He knew what he should try to do. He should try to be more than his own guilt and brokenness, to remake himself alongside himself, to give himself somewhere to feel good, renewed, to diminish that corrupted part of him by growing a new self. But it is so hard. He tried to be generous, kind, patient, responsible, but his doubts nagged him constantly. He felt worthless, and arrogantly refused the good esteem of others, what little was offered to him. Perhaps he was self-indulgent, refusing to move onwards due to fear, comfortable in the familiarity of his torment. Perhaps he should make little of his guilt, even though that would be the final punishment: by diminishing the catastrophe, diminishing his part in it, removing the polluted glory of it from his spirit he could then, rightfully diminished, walk onwards. To move towards nothingness and then pass through it. To force himself to drink bitter humility and accept what he had done. But there is more than accepting the bad - the good has to be accounted for also.

The root of his fault was an overwhelming desire for the feeling of potentiality, that all things were possible, that there were an infinitude of lives he could have had. He made the mistake of allowing that sense to become real when he should have curbed it. The attraction of otherness, variety, plenitude captured his sense of judgement. He was addicted to the sense of new universes unfurling around him.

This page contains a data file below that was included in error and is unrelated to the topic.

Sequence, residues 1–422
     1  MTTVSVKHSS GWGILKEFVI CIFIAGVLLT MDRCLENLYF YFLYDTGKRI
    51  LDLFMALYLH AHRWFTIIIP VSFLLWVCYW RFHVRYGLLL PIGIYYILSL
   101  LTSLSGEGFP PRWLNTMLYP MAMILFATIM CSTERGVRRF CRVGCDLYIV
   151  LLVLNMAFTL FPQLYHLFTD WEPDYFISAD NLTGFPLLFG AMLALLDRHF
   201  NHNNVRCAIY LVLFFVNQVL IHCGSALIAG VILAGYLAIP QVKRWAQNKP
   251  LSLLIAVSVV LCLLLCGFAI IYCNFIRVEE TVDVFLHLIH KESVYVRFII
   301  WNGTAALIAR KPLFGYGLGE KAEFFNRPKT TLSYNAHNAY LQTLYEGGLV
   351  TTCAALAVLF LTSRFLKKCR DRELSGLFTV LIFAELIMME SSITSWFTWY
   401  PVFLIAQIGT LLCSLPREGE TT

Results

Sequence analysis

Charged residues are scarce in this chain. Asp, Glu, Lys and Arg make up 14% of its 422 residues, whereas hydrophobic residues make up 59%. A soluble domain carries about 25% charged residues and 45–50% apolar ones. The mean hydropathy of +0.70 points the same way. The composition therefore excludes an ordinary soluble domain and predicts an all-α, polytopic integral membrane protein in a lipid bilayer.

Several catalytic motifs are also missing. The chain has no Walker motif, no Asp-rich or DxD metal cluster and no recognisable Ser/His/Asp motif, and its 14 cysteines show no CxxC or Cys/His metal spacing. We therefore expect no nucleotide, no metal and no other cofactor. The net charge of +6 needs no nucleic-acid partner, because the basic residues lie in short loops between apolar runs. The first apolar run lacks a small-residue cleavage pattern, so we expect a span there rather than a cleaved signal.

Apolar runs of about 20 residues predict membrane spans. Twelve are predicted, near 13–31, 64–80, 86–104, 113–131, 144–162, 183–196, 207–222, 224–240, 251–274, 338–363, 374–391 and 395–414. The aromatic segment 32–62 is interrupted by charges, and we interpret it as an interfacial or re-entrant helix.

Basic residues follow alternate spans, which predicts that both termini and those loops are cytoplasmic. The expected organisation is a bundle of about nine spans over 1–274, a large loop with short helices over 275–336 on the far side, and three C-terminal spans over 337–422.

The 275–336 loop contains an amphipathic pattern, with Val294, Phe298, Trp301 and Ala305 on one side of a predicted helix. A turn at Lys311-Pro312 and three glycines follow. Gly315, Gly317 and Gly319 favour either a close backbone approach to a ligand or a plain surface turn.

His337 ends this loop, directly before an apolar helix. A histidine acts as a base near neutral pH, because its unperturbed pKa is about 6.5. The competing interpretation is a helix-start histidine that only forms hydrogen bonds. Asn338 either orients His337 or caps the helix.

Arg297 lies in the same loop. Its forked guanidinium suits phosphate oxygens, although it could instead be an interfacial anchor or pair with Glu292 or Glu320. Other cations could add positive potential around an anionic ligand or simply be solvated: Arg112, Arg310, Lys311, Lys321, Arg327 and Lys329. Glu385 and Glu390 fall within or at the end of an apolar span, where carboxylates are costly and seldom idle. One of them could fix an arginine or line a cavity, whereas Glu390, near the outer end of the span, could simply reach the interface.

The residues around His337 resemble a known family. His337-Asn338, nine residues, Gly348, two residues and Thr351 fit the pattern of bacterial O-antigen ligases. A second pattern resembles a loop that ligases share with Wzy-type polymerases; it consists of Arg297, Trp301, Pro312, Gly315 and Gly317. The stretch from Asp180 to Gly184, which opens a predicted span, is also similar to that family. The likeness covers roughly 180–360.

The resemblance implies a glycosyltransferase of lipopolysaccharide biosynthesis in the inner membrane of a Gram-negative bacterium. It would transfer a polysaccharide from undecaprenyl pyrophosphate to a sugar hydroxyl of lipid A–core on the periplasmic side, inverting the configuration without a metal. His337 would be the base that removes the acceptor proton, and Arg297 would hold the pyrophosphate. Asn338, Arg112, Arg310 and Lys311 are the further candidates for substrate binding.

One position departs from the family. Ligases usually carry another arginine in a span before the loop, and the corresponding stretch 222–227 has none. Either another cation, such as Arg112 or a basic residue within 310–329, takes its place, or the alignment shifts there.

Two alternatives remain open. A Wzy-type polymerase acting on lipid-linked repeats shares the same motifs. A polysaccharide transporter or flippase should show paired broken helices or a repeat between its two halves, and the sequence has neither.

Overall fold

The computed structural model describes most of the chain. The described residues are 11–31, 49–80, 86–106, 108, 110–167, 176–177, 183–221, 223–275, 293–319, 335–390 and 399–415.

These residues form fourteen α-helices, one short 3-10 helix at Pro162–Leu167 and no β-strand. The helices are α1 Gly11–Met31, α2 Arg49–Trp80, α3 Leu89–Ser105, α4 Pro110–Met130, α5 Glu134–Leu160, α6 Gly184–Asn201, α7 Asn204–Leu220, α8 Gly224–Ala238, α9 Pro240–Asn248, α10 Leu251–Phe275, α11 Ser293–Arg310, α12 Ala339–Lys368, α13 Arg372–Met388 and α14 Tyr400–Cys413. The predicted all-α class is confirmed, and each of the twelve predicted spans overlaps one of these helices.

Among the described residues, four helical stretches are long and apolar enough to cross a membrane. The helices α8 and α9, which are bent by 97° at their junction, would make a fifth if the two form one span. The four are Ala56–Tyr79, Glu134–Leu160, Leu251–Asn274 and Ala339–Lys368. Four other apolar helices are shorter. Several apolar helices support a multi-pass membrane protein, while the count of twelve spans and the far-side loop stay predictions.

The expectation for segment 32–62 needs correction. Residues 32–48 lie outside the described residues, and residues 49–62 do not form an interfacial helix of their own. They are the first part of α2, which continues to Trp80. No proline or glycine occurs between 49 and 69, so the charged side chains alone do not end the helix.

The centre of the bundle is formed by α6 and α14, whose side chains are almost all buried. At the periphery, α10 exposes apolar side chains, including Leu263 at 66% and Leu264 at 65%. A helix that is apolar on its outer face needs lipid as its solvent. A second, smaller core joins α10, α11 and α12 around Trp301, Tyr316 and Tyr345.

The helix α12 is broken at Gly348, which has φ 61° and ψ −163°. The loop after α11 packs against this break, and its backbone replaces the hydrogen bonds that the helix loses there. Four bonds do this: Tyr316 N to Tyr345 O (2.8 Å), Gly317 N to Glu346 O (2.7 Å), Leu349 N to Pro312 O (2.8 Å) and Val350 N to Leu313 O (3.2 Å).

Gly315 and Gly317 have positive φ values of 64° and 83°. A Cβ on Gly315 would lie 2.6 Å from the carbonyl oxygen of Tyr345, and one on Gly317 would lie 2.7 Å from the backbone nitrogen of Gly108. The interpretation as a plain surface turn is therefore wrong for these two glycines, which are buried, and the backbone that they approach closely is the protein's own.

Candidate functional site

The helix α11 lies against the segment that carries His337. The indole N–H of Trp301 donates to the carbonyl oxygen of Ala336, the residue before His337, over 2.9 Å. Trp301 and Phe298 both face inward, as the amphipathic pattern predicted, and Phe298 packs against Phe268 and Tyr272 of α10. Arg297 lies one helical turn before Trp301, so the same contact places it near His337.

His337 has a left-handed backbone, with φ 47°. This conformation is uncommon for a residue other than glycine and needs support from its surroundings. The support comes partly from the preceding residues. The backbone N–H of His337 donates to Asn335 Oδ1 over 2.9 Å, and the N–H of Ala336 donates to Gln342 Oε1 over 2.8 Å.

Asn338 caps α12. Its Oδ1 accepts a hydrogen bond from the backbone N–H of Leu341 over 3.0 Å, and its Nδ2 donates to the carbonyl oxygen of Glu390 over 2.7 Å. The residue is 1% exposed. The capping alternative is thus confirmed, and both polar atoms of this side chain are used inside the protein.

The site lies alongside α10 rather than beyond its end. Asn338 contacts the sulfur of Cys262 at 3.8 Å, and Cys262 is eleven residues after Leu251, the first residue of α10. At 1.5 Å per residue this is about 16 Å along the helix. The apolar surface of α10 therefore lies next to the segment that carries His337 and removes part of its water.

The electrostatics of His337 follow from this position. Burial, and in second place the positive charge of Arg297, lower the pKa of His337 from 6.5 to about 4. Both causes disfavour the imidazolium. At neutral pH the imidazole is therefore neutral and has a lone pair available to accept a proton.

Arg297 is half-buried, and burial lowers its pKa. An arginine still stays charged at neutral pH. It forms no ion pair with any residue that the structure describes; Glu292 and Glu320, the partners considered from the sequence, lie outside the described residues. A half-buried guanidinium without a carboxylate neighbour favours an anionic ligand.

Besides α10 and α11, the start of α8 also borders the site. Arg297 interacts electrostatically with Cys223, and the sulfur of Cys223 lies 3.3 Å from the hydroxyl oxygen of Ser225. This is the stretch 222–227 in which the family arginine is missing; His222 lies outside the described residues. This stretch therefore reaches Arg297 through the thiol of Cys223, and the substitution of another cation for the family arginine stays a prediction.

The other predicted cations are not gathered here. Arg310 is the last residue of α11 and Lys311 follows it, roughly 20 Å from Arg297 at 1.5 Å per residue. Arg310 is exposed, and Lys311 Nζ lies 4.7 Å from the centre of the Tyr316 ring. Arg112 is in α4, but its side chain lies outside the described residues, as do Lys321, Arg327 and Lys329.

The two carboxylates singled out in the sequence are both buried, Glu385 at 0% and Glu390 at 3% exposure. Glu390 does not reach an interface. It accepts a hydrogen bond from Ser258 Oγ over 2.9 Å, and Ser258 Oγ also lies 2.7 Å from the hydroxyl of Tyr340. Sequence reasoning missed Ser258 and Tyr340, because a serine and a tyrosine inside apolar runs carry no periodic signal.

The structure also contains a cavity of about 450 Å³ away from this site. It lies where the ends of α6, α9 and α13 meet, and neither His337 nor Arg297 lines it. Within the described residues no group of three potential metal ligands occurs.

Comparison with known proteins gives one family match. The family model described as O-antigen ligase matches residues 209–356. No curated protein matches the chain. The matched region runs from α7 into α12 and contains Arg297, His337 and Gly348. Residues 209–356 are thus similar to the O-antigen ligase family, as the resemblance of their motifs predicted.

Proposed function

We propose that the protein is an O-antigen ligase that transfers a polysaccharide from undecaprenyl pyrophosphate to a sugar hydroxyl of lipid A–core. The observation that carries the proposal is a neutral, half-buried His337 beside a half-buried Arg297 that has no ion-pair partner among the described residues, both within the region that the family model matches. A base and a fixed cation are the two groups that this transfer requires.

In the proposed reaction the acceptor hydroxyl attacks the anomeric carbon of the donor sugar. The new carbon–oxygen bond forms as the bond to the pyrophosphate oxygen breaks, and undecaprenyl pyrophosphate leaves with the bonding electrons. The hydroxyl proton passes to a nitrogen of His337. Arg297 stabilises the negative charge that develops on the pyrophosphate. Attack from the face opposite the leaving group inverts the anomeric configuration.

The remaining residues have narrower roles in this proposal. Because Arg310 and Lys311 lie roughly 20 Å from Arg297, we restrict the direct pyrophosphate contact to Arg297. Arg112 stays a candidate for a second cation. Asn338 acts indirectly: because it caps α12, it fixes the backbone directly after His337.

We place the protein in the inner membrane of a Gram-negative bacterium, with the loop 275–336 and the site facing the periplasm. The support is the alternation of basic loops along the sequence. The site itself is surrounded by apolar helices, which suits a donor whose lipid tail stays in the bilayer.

What led to this feeling? A high mood, grandiosity, delusion. An honest sense of feeling trapped in his life. An irresponsible sense of escapism. A genuine shock of ineluctable desire. In short, he was at high risk of falling in love and he did. The sensation was all-powerful, and he abandoned himself to it: it felt like a moral imperative to his existence to abandon himself to it. Chains snapped, the world turned over, calamity and disaster was symphonic music to a grand passion. The illusion of meaning had seized him.

There are some who would interpret this medically, some morally. His nature tended towards the latter. Both options were demeaning. The first said his nature could not be trusted, the second says his heart could not be trusted. There was an immense positive force propelling him in those days: it felt that he was choosing a good path, that his actions were all for the best, that the explosion that was happening inside him was glorious and illuminating.

At his most honest he wanted to become two people, maybe more. The self strives in two directions and ends up tearing itself. The part where he now resided had left part of himself behind. When he saw his children, he communed imperfectly with that lost part.

We cannot sustain these flights, and eventually reality painfully reasserts itself. If he accepted that he acted at the time under an impulse of good, no matter how it subsequently appeared to him, then maybe he could stand up and get on with life. Glorious stuff happens and shit sticks to the soul. But this world is made of blood and shit. Glory in it, and move onwards.

We are the sum of our actions and experiences. We were always destined to fall one way rather than the other. We may believe we will fall one way, and be surprised by reality. In the end all that can be said is: "I thought I would rather it had been so, but it turned out it could not." With that acceptance, one can allow one's heart to give again, to believe that one's heart has love to give. The choice is not positive acceptance or negative acceptance, but a true accounting of both sides.